Environmental Governance, Life-cycle Assessment, or Instructor’s permission
Quantitative Research Methods (200)
Political Economy of Natural Resources (200)
This 300-level course focuses on our environment(s), which function as public goods in providing benefits but can --- as common pool goods --- be affected by the positive or negative externalities resulting from private behavior. Although `‘the environment'' is often defined as nature (e.g., land, water, air), it is more broadly defined to include the shared spaces (e.g., markets, classrooms, websites, electromagnetic spectrum) that nobody owns but everyone gains from. We will explore the value of environments, discuss how actions produce positive and negative impacts on environments, evaluate the magnitude of those impacts, and discuss different theories for managing and methods of protecting environments in the traditions of Pigou, Coase and Ostrom.
A knowledge of microeconomics is useful but not essential to this class (basic concepts will be reviewed and taught). Among other ideas, students will learn about assessing the incentives for behaviors and distribution of costs and benefits from policies (e.g., polluter pays, discounting, and mis-matched political-economic jurisdictions) as well as how aggregated environmental impacts and policies alter the market landscape within and among countries (e.g., pollution havens, and intergenerational equity, and environmental Kuznets curve)
Students will apply these ideas to a course paper on the topic of their choice that will use a cost-benefit analysis of market and non-market values to explore the existing distribution of costs and benefits as well as policy proposals that might move the distribution (and overall impact) of those polices closer to sustainability.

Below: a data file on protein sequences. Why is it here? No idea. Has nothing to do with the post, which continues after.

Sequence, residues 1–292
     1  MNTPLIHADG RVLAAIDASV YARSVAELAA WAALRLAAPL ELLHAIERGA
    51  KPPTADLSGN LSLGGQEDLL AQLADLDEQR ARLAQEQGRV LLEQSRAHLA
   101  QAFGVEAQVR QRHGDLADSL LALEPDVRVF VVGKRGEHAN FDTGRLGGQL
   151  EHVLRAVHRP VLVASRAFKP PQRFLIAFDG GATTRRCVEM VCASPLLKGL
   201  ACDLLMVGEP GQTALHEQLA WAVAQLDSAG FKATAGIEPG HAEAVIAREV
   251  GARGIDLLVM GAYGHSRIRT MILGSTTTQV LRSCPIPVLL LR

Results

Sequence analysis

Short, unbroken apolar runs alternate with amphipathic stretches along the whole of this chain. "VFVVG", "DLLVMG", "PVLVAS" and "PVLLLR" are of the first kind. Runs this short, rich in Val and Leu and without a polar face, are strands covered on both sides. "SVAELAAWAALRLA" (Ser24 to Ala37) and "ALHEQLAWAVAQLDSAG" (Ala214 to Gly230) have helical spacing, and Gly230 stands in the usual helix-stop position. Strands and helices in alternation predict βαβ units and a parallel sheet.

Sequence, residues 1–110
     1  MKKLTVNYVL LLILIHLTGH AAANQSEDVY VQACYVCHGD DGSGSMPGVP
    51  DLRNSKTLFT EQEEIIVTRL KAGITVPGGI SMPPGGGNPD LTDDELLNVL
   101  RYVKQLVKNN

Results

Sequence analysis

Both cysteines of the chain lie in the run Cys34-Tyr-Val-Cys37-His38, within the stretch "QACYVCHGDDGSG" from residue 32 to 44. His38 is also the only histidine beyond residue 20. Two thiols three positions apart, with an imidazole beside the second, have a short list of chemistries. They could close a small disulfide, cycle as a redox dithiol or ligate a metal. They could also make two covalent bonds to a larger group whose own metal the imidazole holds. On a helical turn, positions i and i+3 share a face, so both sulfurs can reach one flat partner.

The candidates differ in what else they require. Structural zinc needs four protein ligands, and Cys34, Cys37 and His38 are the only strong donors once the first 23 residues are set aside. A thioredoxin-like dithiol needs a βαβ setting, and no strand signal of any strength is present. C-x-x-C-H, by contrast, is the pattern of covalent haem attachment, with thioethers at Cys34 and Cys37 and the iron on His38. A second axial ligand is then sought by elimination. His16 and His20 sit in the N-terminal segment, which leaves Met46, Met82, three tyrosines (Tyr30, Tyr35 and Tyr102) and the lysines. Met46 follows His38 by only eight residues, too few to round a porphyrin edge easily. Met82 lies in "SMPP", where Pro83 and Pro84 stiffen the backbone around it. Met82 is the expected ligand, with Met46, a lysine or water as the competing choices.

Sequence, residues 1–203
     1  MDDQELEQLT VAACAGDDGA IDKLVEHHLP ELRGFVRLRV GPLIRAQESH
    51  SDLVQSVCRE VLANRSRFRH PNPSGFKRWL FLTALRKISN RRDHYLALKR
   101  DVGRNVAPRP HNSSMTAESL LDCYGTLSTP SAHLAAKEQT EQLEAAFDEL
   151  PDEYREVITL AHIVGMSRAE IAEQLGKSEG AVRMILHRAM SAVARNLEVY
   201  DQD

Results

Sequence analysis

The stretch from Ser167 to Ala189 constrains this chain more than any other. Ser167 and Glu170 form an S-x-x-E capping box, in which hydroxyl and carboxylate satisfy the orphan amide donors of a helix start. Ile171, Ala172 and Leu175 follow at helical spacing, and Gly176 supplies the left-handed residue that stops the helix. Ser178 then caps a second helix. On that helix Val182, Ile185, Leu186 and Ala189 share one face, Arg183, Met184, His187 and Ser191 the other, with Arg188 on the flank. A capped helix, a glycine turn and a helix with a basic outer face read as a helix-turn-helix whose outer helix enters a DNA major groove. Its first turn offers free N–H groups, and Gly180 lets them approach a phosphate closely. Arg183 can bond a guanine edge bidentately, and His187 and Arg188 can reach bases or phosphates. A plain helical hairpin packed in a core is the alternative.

Have mastered, presented and written up an environmental case study that explores the drivers, costs, benefits, and barriers to addressing an environmental issue of their choice
Critical assessment of environmental issues, case studies and policy documents
Explain the benefits and challenges of sustainability from an economic and political perspective.
Have a working knowledge of cost-benefit analysis, discount rates, and the impact of distribution on policy design and implementation
Timetables for courses offered at Leiden University College in 2020-2021 will be published on this page of the e-Prospectus.
Mode of instruction
The course is taught through two-hour (online or face-to-face) seminars. Students will be expected to participate in both large and small group discussions; present and defend their ideas within an academic setting; and take part in group projects. The instructor will facilitate and ensure the efficient running of the discussion, but students are responsible for its quality.
Class participation: 10% (continuous weeks 1-7)
Reading group: 10% (continuous weeks 1-7)
Blog post: 10% (due week 4)
Climate adaptation vision: 10% (due week 5)
Peer reviews: 2x10% (due week 6)
Individual Presentation: 10% (due week 7)
Case study paper: 30% (due reading week)
Roughly 25 academic papers (approx. 550-600 pages).
Courses offered at Leiden University College (LUC) are usually only open to LUC students and LUC exchange students. Leiden University students who participate in one of the university’s Honours tracks or programmes may register for one LUC, if availability permits. Registration is coordinated by the Education Coordinator, email@example.com.
David Zetland, firstname.lastname@example.org